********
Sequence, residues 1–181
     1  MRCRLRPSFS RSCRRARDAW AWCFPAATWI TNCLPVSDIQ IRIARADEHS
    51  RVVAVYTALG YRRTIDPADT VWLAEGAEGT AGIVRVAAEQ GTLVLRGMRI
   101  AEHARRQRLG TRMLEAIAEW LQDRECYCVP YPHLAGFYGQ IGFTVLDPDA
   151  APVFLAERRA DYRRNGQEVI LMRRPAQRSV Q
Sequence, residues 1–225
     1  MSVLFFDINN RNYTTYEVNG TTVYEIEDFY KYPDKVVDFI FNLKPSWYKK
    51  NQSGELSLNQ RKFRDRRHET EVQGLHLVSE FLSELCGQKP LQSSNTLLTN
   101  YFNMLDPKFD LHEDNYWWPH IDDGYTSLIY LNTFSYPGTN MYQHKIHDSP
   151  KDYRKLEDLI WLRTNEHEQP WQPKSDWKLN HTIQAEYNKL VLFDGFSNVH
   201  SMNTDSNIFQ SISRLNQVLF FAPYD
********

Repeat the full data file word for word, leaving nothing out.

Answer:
Sequence, residues 1–181
     1  MRCRLRPSFS RSCRRARDAW AWCFPAATWI TNCLPVSDIQ IRIARADEHS
    51  RVVAVYTALG YRRTIDPADT VWLAEGAEGT AGIVRVAAEQ GTLVLRGMRI
   101  AEHARRQRLG TRMLEAIAEW LQDRECYCVP YPHLAGFYGQ IGFTVLDPDA
   151  APVFLAERRA DYRRNGQEVI LMRRPAQRSV Q
Sequence, residues 1–225
     1  MSVLFFDINN RNYTTYEVNG TTVYEIEDFY KYPDKVVDFI FNLKPSWYKK
    51  NQSGELSLNQ RKFRDRRHET EVQGLHLVSE FLSELCGQKP LQSSNTLLTN
   101  YFNMLDPKFD LHEDNYWWPH IDDGYTSLIY LNTFSYPGTN MYQHKIHDSP
   151  KDYRKLEDLI WLRTNEHEQP WQPKSDWKLN HTIQAEYNKL VLFDGFSNVH
   201  SMNTDSNIFQ SISRLNQVLF FAPYD